A bridge between two worlds Istanbul is a city where one keeps shuttling between continents. The Bosphorous strait, flowing between the Sea of Marmara and the Black Sea, divides the city into European Istanbul, which comprises the bulk of the city to the west, while Asian Istanbul is to the east.
The Bosphorous Bridge is quite literally a bridge between two continents, with signboards proclaiming ‘Welcome to Europe’ and ‘Welcome to Asia’ at either end.
Most tourist attractions like the Topkapi, the Aya Sophiya, the Sultanahmet Mosque and the Hippodrome are in the Older part of the city on the European side, while the commercial areas are in the newer part of the city on the European side. The Asian part is mainly residential, and home to the majority of Istanbul’s 14 million population. Much like its geography, the city is caught between two worlds. While one part is going all out to make efforts to become a part of the European Union (notwithstanding their dislike for the Greeks) in letter, spirit and dispensation, there is a large part of the city, which still is very much oriental. The crowd on Taksim Square will contrast phenomenally with those in the Kapali Çarsi (Grand Bazaar).
The hippest and most fashionable of Turks would be seen strolling around on the walking street off Taksim square, just like in West Europe, while the traders and ware-sellers on the Kapali Çarsi would be trying every possibility in the book to sell their amazing collections; small blue coloured eyes to ward off evil, Turkish dolls (similar to the Russian ones, one inside the other), Turkish çay (tea) sets, Turkish carpets (some ‘Made in China’), Turkish delight sweets, coffee beans, spices and condiments, incense sticks are all up for sale. Bakhlawa is one of the most common sweets, and little carts selling sweets and snacks are all over the place.
No place in the city is far from a çay bahçe (tea garden). And neither from the ubiquitous McDonald’s A ‘Secular’ Muslim republic Turkey is a unique country in many ways: in addition to the two continents part, it is a secular country with a predominantly Muslim population, over 90%. A question most commonly asked in many parts of Turkey is, “Are you Muslim”. When I say No, the response is, “O, Christian”. When I try to explain Hindu, at many places it is not understood at all. Whatever be that, the Turkish hospitality takes over and I am offered çay and sweets. Many still harbor the impression that a person can either be a Muslim, and if not, s/he has to be a Christian.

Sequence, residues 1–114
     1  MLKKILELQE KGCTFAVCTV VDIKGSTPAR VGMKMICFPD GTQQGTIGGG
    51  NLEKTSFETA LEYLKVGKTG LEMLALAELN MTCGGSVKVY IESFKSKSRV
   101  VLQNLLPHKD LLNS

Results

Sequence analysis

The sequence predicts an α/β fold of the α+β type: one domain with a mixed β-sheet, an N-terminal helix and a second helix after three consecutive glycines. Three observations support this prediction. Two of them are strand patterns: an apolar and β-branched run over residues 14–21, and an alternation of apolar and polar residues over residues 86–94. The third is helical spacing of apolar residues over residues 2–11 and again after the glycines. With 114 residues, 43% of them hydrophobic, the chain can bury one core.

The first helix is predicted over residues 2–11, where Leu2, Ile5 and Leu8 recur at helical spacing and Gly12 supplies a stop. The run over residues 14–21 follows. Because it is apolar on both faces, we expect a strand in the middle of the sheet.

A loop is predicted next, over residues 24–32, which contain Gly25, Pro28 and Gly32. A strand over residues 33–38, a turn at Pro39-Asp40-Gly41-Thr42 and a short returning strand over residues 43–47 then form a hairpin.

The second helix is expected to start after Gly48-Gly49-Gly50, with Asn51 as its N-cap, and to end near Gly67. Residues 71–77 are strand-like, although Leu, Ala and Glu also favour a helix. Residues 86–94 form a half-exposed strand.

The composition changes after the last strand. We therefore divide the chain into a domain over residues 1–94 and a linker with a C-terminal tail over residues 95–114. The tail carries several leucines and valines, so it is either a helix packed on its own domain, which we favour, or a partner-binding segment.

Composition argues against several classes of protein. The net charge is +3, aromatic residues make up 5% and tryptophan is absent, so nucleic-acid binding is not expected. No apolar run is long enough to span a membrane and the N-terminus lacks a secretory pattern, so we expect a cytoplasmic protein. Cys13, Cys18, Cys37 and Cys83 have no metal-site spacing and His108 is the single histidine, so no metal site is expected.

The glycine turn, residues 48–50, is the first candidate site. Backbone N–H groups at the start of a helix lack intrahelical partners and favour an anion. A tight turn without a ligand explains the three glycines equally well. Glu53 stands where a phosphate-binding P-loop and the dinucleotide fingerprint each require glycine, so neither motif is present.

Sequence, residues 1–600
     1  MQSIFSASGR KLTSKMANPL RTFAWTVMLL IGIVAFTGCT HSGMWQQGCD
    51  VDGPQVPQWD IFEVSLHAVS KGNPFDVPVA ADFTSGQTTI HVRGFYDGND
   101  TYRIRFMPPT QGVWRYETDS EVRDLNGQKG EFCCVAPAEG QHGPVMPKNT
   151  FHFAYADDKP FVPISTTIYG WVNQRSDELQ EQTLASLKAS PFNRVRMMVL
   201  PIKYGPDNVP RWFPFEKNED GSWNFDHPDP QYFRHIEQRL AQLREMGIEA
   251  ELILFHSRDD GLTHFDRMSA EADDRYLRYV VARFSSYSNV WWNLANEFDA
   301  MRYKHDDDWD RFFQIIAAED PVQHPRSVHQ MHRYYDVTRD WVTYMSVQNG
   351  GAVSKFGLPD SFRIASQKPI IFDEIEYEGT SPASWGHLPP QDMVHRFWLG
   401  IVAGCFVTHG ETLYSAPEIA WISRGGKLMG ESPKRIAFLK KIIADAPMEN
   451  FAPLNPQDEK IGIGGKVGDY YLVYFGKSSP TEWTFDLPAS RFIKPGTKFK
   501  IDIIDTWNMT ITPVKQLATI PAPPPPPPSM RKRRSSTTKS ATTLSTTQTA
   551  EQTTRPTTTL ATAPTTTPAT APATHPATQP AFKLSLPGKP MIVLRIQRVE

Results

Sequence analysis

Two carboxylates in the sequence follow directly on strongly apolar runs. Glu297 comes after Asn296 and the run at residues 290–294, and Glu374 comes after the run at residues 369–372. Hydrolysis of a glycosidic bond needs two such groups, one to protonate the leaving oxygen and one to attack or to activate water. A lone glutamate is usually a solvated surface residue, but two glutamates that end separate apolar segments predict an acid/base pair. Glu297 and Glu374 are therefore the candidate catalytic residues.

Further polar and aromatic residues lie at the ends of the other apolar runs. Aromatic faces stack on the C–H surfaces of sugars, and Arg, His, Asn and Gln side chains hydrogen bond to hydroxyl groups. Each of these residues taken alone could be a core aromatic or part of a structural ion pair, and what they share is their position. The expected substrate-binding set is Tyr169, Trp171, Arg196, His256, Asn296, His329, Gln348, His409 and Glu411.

Being a predominantly Muslim country does not deter the mushrooming of watering holes, pubs and nightclubs, especially in up-market Istanbul. Theatre and movies are aplenty, and the Turkish film industry churns out approximately 100 movies a year. We can use coins 2005 has seen the introduction of the Yeni Turk Lirasi (YTL) or the New Turkish Lira. This has made the currency much more respectable compared to the earlier Turkish Lira which converted to 1.25 million liras to a dollar. A taxi ride cost millions, Salaries ran into billions and lottery tickets promised trillions. The Turks smartly knocked off six zeroes and the currency now looks much more respectable. Visibly happy over the move, Cenk Bey (bey is used to signify respect, the equivalent of –ji in Hindi), my Turkish friend says, “We are blessed. We can now use coins”
The world’s greatest game The Turks love their football like they love little else. Everyone, just everyone, from little boys to old men all are equally fanatical about the game. Many reckon Turkey’s World cup semi final performance as the most significant thing to have happened to Turkey after Mustafa Kemal (Ataturk). Nitty gritty details about the Turkish league and the other premier European leagues, the English, Spanish and Italian in particular are discussed, analysed, debated and dissected in detail like nobody’s business. So great is the passion for the game that recently, the Adiyaman’s gap association, set up a team consisting of all visually impaired players. It is their love for football that makes them blind. Big city, small roads Traffic moves really really slow in Istanbul, a situation not helped by narrow lanes and alleys in many parts of the city. Turks keep a good distance between vehicles and consider it extremely impolite to honk. Buses are aplently, and many of them have vestibuled which helps them to have two carriages, thereby doubling the number of passengers traveling. The metro is good, but coverage is poor. It helps commuters beat the road traffic in the commercial areas of Levent to Taksim. The fastest, and most popular mode of transport is the ferry, which also provides spectacular views of the Bosphorous. On board, çay and coffee are available in abundance, helping Turks stay close to their favourite drink. Bombay vs Delhi Istanbul is very much the cultural, historical and commercial hub of Turkey.
Ankara is the country capital, where the government sits. People from Istanbul don’t think too highly about those in Ankara, considering them to be bureaucratic, not enterprising and slow. Doesn’t it remind you of a couple of cities closer home. The cities are very well connected, though, and the eight-laned (at places, 12) modern highway helps people from Istanbul zip fast to Ankara, complete work and get back, all on the same day. Epilogue Istanbul has seen the mighty Byzantium, Constantinople and the Ottoman empires come and pass. While the mosque minarets dot is landscape, so do state of the art skyscrapers. The amazingly devout resonance of muezzins calling out from the mosques and the cacophony of DJs playing the latest dance numbers. Burqas and skirts.
Being ambidextrous comes naturally to Istanbul, a fact that adds to the romance of the place like nothing else does. Taking history in its stride, moving ahead at a racy pace, nonchalantly balancing contradictions between two worlds, Istanbul is a city I always love to come home to.